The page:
“It should be treated like every other vegetable or plant out there”: Cannabis entrepreneurs talk about their dream scenarios

“It should be treated like every other vegetable or plant out there”: Cannabis entrepreneurs talk about their dream scenarios

Around 200 investors gathered at the Eaton Centre Marriott earlier this week for two days of pitches from the executives of fledgling marijuana businesses from across the continent. The event, hosted by the Arcview Group, a cannabis investment network, aimed to connect these aspirants with high-net-worth backers interested in getting a piece of the probably-soon-to-be-legal recreational pot business. We asked a few attendees to tell us what they hope Canada’s new cannabis laws will look like.

Dooma Wandschuh

CEO of Province Brands, from Miami

What does your company do?
We make beers and spirits that are brewed or distilled from cannabis, that have many of the attributes that alcohol has, in terms of onset time and duration of effect, and which are designed to take on the $1.2-trillion alcohol industry.

What’s your dream legalization scenario?
The dream would be if they legalized all cannabis products—not just marijuana flower and oil—as quickly as possible. If they don’t do that, we’re going to see more people turning to the black market even after legalization. Imagine how bad that is, when you have a young industry that you’re trying to support and grow. You’re taking money out of the pockets of people who are doing this legitimately and giving that money to drug dealers.

Amanda Ostrowitz

CEO of CannaRegs, from Denver, Colorado

What does your company do?
CannaRegs is the LexisNexis of cannabis. We aggregate all the state, county and municipal laws into one, searchable platform.

What’s your dream legalization scenario?
Canada’s really setting the stage for what federal legalization can look like. You have the ability to show the world how this can be done. I’m not entirely on the “no laws” side. I’m on the side of legalize, tax and regulate, so that we can have a free and open marketplace. Fifty years from now, we could look a lot more like the tobacco industry—except you know, not doing anybody harm.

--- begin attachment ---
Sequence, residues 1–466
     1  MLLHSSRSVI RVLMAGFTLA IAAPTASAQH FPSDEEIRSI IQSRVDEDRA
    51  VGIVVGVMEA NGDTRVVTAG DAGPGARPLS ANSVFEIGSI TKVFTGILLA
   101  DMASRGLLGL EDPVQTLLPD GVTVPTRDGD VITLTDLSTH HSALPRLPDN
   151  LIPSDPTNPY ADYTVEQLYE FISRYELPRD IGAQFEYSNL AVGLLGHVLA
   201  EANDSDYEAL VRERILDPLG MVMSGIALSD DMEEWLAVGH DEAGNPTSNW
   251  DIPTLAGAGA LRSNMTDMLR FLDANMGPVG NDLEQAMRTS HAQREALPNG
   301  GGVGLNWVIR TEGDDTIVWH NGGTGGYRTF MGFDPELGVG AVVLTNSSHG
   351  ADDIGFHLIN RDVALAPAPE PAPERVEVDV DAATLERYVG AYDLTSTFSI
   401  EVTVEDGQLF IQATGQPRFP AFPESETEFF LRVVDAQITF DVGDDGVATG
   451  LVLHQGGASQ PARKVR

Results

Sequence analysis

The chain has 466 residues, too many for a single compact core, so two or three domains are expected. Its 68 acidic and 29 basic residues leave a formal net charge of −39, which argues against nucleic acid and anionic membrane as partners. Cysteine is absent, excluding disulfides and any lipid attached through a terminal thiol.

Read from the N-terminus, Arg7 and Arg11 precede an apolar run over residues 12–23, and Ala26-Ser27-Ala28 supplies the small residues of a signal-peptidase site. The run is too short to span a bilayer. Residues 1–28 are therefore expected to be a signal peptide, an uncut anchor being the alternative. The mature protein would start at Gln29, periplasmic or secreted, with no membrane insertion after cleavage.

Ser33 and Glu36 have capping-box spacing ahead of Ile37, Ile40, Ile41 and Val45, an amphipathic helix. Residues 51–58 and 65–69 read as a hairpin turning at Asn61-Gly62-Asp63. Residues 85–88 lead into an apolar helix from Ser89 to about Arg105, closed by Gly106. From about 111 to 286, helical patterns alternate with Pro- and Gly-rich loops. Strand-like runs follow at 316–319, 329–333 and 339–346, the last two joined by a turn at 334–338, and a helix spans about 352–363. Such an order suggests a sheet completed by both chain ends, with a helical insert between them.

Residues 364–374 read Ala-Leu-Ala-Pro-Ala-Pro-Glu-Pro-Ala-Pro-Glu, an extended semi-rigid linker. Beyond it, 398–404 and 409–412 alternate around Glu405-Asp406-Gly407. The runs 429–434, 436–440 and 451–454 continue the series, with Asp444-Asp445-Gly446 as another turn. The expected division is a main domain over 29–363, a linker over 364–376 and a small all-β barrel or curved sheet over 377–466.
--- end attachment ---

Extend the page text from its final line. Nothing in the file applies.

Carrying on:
Walker Patton, Andrea Dobbs and Jeremy Jacob

Strategic growth VP, “brand wiz,” and president (respectively) of the Village Dispensary, from Vancouver

What does your company do?
Jeremy: We’re reinventing the cannabis retail experience.

What’s your dream legalization scenario?
Jeremy: The dream scenario is where Canadians are free. The history of cannabis is one of ownership by the people, so we want to see that extended through legalization. Regular Canadians should be able to enter this industry, participate and let the market decide who’s doing the best job and who the customer wants to patronize.

Andrea: I’d like to see something based loosely on the craft brewery industry. We have a really rich craft brewing culture in BC, and we’d like to see something happen that way for cannabis in BC, at least.

Walker: What we’re afraid of is that it’s going to go strictly through the liquor stores, or strictly through the pharmacies. These people may be equipped to deal with certain kinds of medicine, or certain kinds of alcohol, but they are not necessarily equipped to deal with cannabis, and it’s going to put retailers like us in jeopardy.

Daniel Yazbeck

CEO of MYDX, from San Diego, California

What does your company do?
We build an ecosystem to empower consumers to get feedback on what they put into their mind and body, so that they can trust, verify and find a strain of cannabis that works for them.

What’s your dream legalization scenario?
Everything has to happen in stages. You can’t just shove something in somebody’s face. Cannabis still smells bad, you’ve got to be subtle about it. You have to make it legal, but not flagrant. Create a legal framework for business to operate and slowly teach people about the science of cannabis, and people will come on board, because it’s unequivocally there: this plant helps people.

James Winokur

CEO of CannaKorp, from Boston, Massachusetts

What does your company do?
We have developed a single-use, pod-based vaporizer system. The idea is to make it really clean, convenient and consistent, so that a consumer or patient knows exactly what they’re getting, properly labelled.

What’s your dream legalization scenario?
The dream scenario for us is that we can operate as other businesses do: we can promote our product, go across state lines in the U.S. In Canada, when each province comes up with their distribution, we can be in a drug store or in a retail store.

Ashley Preece

Executive director of the Cannabis Certification Council, from Portland, Oregon

What does your company do?
The Cannabis Certification Council is a nonprofit certifying body, offering certifications and seals for organic methods and fair-labour practices within the cannabis industry.

What’s your dream legalization scenario?
That it would be federally legal in the U.S. and that anyone could have access to the plant—including children, for medicinal purposes.

Ron Basek-Smith

CEO of Sona Packaging, from Boulder, Colorado

What does your company do?
We make sustainable hemp-based packaging for the cannabis industry.

What’s your dream legalization scenario?
I believe that cannabis should be treated like every other vegetable or plant out there. That said, I think there needs to be some regulation of the growing process, and people should still have to be above a certain age to purchase it. I don’t know what that age should be.